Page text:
Ode of Praise to Charedi Jewry


[Be-Ahavah U-Be-Emunah – Tzav 5774 – translated by R. Blumberg]

 

A lot of hostile verbiage has been uttered recently against the Charedim.  We therefore must, in honor of Purim, fulfill Esther’s call for unity: “Go gather up all the Jews” (Esther 4:16).

We must remember that we are brothers. We must remember that what we have in common is infinitely greater than that which separates us. We must remember that all the different hues within our Nation are nevertheless parts of the Nation, and that every hue needn’t occupy itself with criticizing others, but rather with examining itself. My point is not to teach the Charedim what they should be doing. That we leave to their Rabbis. My point is for us to clarify for ourselves, what we, the Jewish Nation, must learn from them. Be it a little or a lot, we mustn’t learn what they lack, but rather, what virtues that they possess, and these are they:

1. Faithfulness to the word of G-d: “Hear the word of Hashem, you who tremble at His word” (Yeshayahu 66:5). Once we were all Charedim, the entire Nation. Yet the Reformers changed things and said that one should adapt the Mitzvot to the spirit of the times. The Chatam Sofer proclaimed, “Everything new is forbidden by the Torah” (Shut Chatam Sofer Vol. 1 Orach Chaim 28, 148, 181. Vol. 2 Yoreh Deah 19). As a safeguard against inroads by the Reformers, the Charedim came and built a high wall to stop the changes.

2. Belief. Absolute, steadfast belief in the Written Torah’s being from heaven, and in the Oral Torah’s being from heaven.

3. Fear of G-d. The ideal for every person is to be a Torah scholar, and the duty of every person is to keep the light Mitzvot just as steadfastly as the weighty Mitzvot, and to set fixed times for Torah study.

4. Torah study surpassing all else. One must devote all his energies to Torah learning, even if one lives in penury.

5. Pristine Jewish Education. Pristine, pure education for one’s children in preschool, in elementary school, in yeshiva high school, in post-high-school yeshiva. There should be as much Torah learning as possible, along with the teaching of good character, the fear of G-d and the importance of keeping the light Mitzvot as steadfastly as the weighty ones. Such is the ideal: to be a Yeshiva person, learned, with sterling character.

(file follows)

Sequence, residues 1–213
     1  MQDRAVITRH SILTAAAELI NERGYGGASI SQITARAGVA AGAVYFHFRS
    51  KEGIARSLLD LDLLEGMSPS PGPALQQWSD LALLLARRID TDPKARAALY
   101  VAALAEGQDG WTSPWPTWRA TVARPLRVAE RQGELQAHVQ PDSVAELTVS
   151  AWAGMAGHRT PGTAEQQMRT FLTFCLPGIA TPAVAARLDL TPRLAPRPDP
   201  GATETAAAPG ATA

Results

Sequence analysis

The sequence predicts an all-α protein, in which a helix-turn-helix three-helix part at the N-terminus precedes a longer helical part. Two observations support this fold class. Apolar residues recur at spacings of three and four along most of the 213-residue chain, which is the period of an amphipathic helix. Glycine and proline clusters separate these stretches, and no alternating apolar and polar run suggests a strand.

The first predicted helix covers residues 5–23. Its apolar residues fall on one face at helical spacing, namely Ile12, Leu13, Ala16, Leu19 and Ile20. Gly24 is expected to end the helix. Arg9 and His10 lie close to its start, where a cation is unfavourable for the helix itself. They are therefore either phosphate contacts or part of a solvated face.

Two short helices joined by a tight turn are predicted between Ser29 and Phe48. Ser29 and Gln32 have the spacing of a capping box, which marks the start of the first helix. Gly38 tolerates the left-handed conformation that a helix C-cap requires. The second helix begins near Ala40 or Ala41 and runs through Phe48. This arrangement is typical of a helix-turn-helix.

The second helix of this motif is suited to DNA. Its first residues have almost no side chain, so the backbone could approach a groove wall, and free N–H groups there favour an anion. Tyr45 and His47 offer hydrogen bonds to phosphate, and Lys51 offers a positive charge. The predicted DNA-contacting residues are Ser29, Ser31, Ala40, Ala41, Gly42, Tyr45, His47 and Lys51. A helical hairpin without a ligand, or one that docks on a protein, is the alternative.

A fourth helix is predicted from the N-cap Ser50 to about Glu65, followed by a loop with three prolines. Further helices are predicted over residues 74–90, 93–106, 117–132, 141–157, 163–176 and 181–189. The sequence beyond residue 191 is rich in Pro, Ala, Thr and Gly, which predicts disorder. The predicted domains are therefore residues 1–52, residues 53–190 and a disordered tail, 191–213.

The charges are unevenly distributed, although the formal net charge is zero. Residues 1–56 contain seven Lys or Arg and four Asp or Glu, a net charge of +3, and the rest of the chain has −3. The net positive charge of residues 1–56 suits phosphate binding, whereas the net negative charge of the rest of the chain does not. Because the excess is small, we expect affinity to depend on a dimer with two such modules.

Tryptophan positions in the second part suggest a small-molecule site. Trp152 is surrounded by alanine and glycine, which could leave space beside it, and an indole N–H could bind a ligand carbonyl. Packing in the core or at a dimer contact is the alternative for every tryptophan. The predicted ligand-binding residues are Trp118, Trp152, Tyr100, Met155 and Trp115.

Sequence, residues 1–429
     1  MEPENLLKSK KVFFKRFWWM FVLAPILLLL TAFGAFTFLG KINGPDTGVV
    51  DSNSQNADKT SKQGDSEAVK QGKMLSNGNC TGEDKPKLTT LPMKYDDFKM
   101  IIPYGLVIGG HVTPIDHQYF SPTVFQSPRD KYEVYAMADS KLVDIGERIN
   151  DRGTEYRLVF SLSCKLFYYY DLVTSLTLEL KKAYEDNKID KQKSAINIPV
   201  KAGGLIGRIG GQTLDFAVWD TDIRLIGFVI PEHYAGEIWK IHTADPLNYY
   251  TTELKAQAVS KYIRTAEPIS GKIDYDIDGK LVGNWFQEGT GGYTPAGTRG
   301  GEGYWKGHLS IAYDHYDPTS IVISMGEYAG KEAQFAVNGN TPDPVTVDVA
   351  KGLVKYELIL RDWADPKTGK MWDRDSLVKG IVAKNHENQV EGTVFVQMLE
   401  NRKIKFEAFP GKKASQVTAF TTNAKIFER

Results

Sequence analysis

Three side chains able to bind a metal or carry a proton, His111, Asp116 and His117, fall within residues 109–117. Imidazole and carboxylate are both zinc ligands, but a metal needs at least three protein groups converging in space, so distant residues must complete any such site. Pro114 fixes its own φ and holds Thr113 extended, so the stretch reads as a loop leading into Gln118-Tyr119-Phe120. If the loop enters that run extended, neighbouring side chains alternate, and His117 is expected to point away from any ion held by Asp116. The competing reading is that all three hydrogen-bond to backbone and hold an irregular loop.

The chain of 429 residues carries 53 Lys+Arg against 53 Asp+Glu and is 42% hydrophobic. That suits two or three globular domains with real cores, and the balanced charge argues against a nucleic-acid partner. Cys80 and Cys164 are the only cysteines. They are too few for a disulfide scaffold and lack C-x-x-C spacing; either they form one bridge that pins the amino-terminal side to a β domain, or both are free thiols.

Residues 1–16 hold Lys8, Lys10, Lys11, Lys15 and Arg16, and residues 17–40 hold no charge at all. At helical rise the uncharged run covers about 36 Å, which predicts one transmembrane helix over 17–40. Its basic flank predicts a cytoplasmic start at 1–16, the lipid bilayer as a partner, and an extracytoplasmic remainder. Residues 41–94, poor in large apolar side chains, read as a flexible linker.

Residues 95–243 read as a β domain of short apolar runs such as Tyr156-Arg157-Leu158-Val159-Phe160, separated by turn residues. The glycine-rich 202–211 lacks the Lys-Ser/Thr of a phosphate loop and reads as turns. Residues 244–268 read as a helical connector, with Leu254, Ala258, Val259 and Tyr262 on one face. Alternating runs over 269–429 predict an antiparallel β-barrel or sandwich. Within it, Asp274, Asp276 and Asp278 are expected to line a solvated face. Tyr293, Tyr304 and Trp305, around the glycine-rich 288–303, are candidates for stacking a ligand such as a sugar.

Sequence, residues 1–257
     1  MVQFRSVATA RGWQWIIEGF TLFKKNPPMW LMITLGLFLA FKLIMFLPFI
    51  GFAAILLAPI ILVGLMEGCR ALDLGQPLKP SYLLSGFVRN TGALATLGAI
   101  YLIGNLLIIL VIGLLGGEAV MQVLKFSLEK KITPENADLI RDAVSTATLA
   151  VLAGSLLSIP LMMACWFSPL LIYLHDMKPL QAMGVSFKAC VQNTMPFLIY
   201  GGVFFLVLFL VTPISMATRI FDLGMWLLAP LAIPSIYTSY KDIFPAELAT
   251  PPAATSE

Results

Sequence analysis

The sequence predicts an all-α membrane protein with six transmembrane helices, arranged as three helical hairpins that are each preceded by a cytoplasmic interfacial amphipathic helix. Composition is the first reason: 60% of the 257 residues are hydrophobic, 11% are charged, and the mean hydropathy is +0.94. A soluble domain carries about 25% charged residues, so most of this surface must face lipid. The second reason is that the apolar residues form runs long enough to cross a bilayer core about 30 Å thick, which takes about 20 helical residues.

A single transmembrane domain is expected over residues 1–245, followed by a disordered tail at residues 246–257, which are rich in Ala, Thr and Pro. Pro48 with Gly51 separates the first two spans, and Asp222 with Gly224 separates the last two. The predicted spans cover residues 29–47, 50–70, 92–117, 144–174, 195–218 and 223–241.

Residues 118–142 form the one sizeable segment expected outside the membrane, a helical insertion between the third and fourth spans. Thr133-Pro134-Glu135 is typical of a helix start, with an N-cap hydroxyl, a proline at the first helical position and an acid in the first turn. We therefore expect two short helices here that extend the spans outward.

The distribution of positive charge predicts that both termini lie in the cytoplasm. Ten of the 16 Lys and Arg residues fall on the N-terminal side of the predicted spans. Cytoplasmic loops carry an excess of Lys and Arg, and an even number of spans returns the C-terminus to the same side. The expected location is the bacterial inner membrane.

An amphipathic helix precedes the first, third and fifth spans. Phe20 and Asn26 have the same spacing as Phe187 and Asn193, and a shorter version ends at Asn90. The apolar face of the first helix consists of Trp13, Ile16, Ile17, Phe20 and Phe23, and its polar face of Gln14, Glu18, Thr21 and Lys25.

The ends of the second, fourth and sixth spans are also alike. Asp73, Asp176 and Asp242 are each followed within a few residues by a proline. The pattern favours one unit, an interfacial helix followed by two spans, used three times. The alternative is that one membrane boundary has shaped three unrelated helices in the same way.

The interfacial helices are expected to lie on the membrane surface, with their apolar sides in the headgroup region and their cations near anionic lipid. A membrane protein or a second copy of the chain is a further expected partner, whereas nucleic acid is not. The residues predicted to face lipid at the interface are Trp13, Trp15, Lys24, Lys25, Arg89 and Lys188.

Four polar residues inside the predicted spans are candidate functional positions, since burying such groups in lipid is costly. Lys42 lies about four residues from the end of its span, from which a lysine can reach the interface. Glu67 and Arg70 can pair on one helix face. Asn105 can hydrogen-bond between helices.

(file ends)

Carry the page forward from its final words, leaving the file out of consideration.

And the girls should be provided with the appropriate parallel education, even at the cost of living in poverty.

6. Respect for Torah scholars. Respect, as well as reverence, and love. And above all, obedience before the great Torah luminaries of the generation.

7. Caution. Internet only with the strictest safeguards against corruption, and, if possible, not at all. And the same applies as far as the cell phone. Rejection of social events that are not entirely appropriate. Study of a profession in appropriate institutions. Charedi dress that preserves one from evil influences. By the way, Maran Ha-Rav Avraham Yitzchak Ha-Cohain Kook, and Rabbenu Ha-Rav Tzvi Yehuda Kook, dressed this way as well, as did many other Zionist Rabbis.

8. Modesty. Modesty in female garb. Modesty in male garb. Each distancing themselves from the other, in accordance with Jewish law. Separate-gender education for children. Avoidance by women of prominent positions in society. Avoidance by couples of public displays of affection.

9. Free-loans. Many free-loan societies. 46 percent of Charedim volunteer many hours of their time with free-loan societies. This also provides an internal insurance for poor families.

10. Healthy families. A very high marriage rate. A very low divorce rate. Families blessed with many children.